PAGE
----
In addition, calling Putin a war criminal can also backfire on the war and even prolong fighting and atrocities. There is a psychological effect that people accused of bad behaviour may shield themselves off from the accusations instead of getting the insight that they are on the wrong way. They can even become proud of what they are doing. Accusations of bad behaviour can also make that they are just supported in their behaviour by their inner circles (who often also are implicated in the crimes). This can make that war criminals not only continue their crimes but even increase them, because they don’t give a damn about what others say. So, war crime accusations can lead to more war crimes.
Calling Putin a war criminal, and, sadly enough, also the investigations, whether war crimes have been committed by the Russian army, can also backfire in another way. As Joseph Wright and Abel Escribà-Folch write in The Conversation: “Leaders who face the prospect of punishment once a conflict ends have an incentive to prolong the fighting. And a leader who presides over atrocities has a strong incentive to avoid leaving office, even if that means using increasingly brutal methods – and committing more atrocities – to remain in power. When losing power is costly, leaders may be more likely to fight to the death”, like when they risk to be prosecuted for war crimes.
In view of all this, it is important that politicians should moderate their words when involved in a war, certainly in a war like the Russia-Ukraine War that will be difficult to end, as it seems now. Hard words, like calling Putin a war criminal, will make this war last longer and will make it difficult to solve the conflict. But what we see is that the rhetoric becomes harsher and harsher. Now pres. Biden and others say that Russia must be weakened, but an analysis like the one just given will make clear that also this statement probably will make that the war will last longer. Do I want to say then that Western politicians must keep their mouth shut? Of course not. They must say what their limits are, and I think they have said so already clear enough: Western democracy, for short, and the internationally accepted borders, like the borders of Ukraine and the other European countries with Russia. This plus real support to Ukraine is a clear sign. To my mind, by starting this war, Russia has weakened itself already so much that it will need a long time to recover. Why then spend words on it that only will make the problem bigger? Politicians must solve problems, not make them. They must bring problems to a good end and find decent solutions, once problems are there.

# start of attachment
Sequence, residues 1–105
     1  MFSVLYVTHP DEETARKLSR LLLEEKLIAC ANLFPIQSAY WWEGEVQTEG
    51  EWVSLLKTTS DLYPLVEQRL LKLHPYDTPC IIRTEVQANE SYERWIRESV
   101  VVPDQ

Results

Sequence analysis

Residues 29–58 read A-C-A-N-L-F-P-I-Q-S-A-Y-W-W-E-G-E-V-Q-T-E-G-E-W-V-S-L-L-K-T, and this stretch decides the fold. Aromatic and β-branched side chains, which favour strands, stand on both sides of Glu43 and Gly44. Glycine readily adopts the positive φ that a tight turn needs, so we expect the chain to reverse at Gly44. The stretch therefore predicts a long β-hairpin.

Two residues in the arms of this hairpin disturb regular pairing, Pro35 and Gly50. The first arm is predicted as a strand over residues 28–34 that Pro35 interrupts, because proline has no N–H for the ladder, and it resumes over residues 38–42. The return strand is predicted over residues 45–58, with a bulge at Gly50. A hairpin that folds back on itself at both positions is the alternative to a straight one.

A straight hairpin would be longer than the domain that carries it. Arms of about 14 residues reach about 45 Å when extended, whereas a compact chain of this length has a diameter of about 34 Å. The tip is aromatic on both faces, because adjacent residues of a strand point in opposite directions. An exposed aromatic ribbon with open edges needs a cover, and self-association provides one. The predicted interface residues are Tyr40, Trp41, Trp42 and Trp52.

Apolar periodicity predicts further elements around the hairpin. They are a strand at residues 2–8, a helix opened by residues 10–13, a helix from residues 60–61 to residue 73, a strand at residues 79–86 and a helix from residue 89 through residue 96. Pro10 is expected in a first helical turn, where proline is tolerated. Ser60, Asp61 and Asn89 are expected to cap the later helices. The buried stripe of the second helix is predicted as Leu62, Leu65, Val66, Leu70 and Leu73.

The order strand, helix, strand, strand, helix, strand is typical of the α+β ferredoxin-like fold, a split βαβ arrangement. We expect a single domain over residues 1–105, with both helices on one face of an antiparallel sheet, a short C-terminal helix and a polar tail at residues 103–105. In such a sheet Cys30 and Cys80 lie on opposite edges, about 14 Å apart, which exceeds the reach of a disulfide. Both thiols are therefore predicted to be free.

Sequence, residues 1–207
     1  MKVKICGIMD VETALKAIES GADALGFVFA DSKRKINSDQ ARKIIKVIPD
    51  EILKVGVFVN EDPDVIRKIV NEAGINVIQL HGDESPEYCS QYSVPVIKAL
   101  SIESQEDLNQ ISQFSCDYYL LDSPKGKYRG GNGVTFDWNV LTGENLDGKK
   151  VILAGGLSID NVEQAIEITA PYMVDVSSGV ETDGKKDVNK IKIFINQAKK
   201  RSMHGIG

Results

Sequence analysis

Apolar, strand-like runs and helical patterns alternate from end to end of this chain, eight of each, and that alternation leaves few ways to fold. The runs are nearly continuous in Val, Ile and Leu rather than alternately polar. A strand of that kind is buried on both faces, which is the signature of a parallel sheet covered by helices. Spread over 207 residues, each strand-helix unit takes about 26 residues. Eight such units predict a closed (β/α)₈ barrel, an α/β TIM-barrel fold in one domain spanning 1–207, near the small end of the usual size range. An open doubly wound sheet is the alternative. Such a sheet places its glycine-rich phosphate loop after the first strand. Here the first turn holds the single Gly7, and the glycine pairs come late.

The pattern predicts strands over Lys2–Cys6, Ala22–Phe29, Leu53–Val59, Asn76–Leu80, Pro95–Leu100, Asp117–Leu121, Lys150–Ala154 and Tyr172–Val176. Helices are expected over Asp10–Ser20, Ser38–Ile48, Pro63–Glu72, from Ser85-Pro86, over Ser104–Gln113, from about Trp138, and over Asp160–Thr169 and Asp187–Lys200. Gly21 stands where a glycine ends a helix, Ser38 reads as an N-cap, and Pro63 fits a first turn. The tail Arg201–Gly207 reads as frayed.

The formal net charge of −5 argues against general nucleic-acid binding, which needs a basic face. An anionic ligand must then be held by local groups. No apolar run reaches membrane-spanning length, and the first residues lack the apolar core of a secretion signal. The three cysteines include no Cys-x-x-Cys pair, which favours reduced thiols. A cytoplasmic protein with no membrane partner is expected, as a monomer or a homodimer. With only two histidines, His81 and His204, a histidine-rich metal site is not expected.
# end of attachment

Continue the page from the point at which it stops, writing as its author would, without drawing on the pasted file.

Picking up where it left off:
Thursday, May 05, 2022

Random quote
The fame of great men ought always to be estimated by the means used to acquire it.
François Duc De La Rochefoucauld (1613-1680)

Monday, May 02, 2022

Killing in war


Malinowski on Trobiand Isles, 1917/1918 (Source)

Hundred years ago the First World War (1914-1918) had just ended. Then it was called the Great War. It was one of the cruellest wars ever in number of victims. How many people died because of this war is not known and figures vary from about 10 till 20 million people dead. Let’s say that 15 million people died because of this war, half of them being soldiers, half of them being civilians. In those days – it was in 1917 or 1918 – the anthropologist Bronislaw Malinowski had a conversation with a cannibal on the Trobriand Islands. This is what Malinowski tell us about it: